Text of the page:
Metabolomics has taught us a great deal about the diversity in and dynamics of systems driven biological approaches during abiotic stresses. Ranging from osmoprotectants to allosteric regulators of protein properties, as well as direct interactors and modulators of DNA and RNA structures to alter nuclear gene expression, small molecules and the study thereof (metabolomics) have illustrated that, in combination with other –omic datasets, metabolites, proteins, and transcripts do not always “play by the rules of the game”. While it challenges us to shift our assumptions and interpretation of metabolic changes in terms of how we think metabolism operates, it also greatly attests to the complexity within biological systems. Our current understanding of data structure relationships (particularly transcript-metabolite or metabolite-metabolite comparisons), and resulting hierarchical regulation structures, have been significantly improved by addressing metabolomics driven questions by careful designing experiments that will aid in understanding the complexity and regulation mechanisms during abiotic stresses. Plant metabolomics has taught us that, while metabolomics is a powerful tool to understand specific abiotic stresses (and even how these stresses overlap), we need the integration of other platforms or genetic variability in order to understand and integrate from what we measure to what the relevant molecular context is of these metabolic changes. However, metabolomics as a standalone entity will still provide valuable information regarding the identification of uncharacterized metabolites and/or derivatives, greater quantification of metabolites on both tissue specific and subcellular levels, as well as the dynamic movement of soluble metabolites between cells and tissues, especially upon a range of stresses. In conclusion, metabolomics is a crucial link to decipher the molecular functional mechanisms(s) underlying specific abiotic stress responses.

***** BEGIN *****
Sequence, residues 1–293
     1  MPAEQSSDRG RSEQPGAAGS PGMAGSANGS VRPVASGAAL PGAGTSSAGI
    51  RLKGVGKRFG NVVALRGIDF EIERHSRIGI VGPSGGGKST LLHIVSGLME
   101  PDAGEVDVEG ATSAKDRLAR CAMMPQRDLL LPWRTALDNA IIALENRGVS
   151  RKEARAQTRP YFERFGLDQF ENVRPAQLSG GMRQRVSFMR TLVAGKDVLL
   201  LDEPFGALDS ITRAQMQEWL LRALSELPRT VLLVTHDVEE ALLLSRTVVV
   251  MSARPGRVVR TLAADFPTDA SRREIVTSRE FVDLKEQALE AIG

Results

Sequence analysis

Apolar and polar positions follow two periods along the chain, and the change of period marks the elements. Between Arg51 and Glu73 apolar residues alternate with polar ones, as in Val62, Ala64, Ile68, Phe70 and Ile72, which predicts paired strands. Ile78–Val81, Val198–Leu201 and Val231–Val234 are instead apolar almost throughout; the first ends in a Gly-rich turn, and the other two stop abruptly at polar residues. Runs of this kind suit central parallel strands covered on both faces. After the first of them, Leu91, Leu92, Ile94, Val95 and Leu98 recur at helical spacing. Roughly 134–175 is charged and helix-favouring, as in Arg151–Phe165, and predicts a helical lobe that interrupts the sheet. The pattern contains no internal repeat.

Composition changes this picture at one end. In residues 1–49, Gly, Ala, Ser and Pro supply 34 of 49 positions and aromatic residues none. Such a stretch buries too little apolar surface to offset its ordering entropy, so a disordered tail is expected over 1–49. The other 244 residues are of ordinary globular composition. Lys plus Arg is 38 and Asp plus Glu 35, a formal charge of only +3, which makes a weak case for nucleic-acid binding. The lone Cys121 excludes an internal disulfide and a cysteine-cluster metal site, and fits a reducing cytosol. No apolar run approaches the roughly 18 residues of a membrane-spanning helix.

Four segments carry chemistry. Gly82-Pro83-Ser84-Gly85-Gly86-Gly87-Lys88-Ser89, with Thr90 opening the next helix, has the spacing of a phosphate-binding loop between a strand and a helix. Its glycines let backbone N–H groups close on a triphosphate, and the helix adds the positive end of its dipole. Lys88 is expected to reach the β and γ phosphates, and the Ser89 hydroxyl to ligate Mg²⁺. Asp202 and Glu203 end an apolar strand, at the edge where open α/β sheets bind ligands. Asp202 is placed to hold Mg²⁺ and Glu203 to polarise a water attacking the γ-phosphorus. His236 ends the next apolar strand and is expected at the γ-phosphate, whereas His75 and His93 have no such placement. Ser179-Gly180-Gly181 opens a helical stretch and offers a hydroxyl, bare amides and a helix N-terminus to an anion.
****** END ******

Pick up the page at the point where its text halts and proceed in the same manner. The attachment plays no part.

Acknowledgements

This work was supported by an Australian Research Council Centre of Excellence Grant CEO561495 and M.V.D.M. is a recipient of an Australian Research Council Super Science Fellowship FS1001000022.

Conflicts of Interest

The authors declare no conflict of interest.

References

  1. Bassel, G.W.; Lan, H.; Glaab, E.; Gibbs, D.J.; Gerjets, T.; Krasnogor, N.; Bonner, A.J.; Holdsworth, M.J.; Provart, N.J. Genome-wide network model capturing seed germination reveals coordinated regulation of plant cellular phase transitions. Proc. Natl. Acad. Sci. USA 2011, 108, 9709–9714. [Google Scholar] [CrossRef]
  2. Skirycz, A.; Vandenbroucke, K.; Clauw, P.; Maleux, K.; De Meyer, B.; Dhondt, S.; Pucci, A.; Gonzalez, N.; Hoeberichts, F.; Tognetti, V.B.; et al. Survival and growth of arabidopsis plants given limited water are not equal. Nat. Biotechnol. 2011, 29, 212–214. [Google Scholar] [CrossRef]